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Why Does Amplification Sometimes Exacerbate Tinnitus?

Casie Keaton, AuD, CCC-A

October 29, 2012



Occasionally I get a patient whose tinnitus worsens with the use of amplification. Why is this? How should I manage these patients?


Management depends, to a great extent, on the cause of the problem. Following is an overview of the most common causes behind a patient’s tinnitus getting worse with the addition of amplification – and tips for management.

1.       Decreased sound tolerance, or hyperacusis – While most tinnitus evaluation protocols include loudness discomfort level testing, the standard hearing aid evaluation usually does not. It can be easy to overlook this condition as the patient has altered his/her environment to avoid encountering sounds that are uncomfortable. Amplification can serve to further compound this problem in patients with hyperacusis and tinnitus. With a decreased dynamic range, hearing aids set prescriptive levels that can easily cross these levels, leaving the patient over-amplified. MPO levels must also be set with great care.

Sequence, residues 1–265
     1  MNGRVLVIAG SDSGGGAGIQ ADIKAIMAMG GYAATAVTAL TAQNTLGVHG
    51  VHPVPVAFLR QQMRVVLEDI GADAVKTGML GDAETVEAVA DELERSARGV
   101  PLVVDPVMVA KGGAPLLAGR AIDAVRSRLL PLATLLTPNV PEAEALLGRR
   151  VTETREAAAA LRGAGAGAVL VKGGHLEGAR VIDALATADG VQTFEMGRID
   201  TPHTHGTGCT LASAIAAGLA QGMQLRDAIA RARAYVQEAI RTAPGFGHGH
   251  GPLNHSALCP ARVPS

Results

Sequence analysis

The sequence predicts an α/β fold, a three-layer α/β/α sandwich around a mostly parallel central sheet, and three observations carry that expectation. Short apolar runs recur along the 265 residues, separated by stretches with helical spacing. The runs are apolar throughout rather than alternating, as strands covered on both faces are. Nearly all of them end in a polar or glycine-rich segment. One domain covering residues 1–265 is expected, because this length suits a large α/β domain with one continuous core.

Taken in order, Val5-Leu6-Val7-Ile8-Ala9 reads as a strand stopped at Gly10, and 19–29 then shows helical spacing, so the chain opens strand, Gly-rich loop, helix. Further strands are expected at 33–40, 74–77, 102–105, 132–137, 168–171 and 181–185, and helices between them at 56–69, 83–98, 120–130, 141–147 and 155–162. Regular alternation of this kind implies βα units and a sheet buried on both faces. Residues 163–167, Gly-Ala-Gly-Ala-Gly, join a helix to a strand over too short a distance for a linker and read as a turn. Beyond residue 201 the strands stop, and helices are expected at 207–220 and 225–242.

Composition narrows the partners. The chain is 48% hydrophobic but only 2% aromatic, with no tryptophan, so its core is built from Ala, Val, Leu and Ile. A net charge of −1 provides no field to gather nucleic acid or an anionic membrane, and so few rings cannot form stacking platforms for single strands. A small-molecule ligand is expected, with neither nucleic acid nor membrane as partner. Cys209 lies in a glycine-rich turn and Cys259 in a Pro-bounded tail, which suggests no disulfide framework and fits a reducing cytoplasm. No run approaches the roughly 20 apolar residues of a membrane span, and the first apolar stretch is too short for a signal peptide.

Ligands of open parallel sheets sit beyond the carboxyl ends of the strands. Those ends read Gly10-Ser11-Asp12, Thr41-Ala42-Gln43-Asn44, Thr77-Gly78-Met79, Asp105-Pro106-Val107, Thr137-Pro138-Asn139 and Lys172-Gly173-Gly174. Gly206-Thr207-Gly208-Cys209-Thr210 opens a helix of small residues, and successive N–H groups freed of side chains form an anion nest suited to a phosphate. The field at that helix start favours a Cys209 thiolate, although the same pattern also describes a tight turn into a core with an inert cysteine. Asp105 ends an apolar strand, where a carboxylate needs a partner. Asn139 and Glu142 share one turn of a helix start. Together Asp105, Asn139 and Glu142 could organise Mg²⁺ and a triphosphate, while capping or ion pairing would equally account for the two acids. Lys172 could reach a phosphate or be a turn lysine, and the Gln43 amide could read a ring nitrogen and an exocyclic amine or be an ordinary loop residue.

2.       Auditory fatigue – While little data exists, we know of many patients who experience an increase in their tinnitus perception following periods where there are greater demands on their auditory system. The sound does not need to be loud; it can be a situation where there is competing noise present while trying to process auditory information. This creates a greater strain on the system and can cause the tinnitus perception to be worse. In these cases, it may be appropriate to limit hearing aid use to a certain number of hours per day.

3.       Reactive tinnitus – Rarely, some individuals with tinnitus report that moderately low intensity sounds aggravate their tinnitus, and that this exacerbation tends to continue for more than a day. Some ways to identify this “reactive tinnitus” may be a case history identifying prolonged tinnitus perception after exposure to moderately low level sounds, the presence of decreased sound tolerance, and a worsening of tinnitus after residual inhibition testing. Treatment for reactive tinnitus is multi-faceted, but from the standpoint of acoustic stimulation needs, requires a very soft-intensity level sound that emphasizes maximal comfort and relaxation.

Casie Keaton, AuD, CCC-A

Clinical Sales Manager

Casie Keaton, Au.D., CCC-A is a Clinical Sales Manager with Neuromonics and has extensive experience treating tinnitus patients. She has research published in the area of psychoacoustics.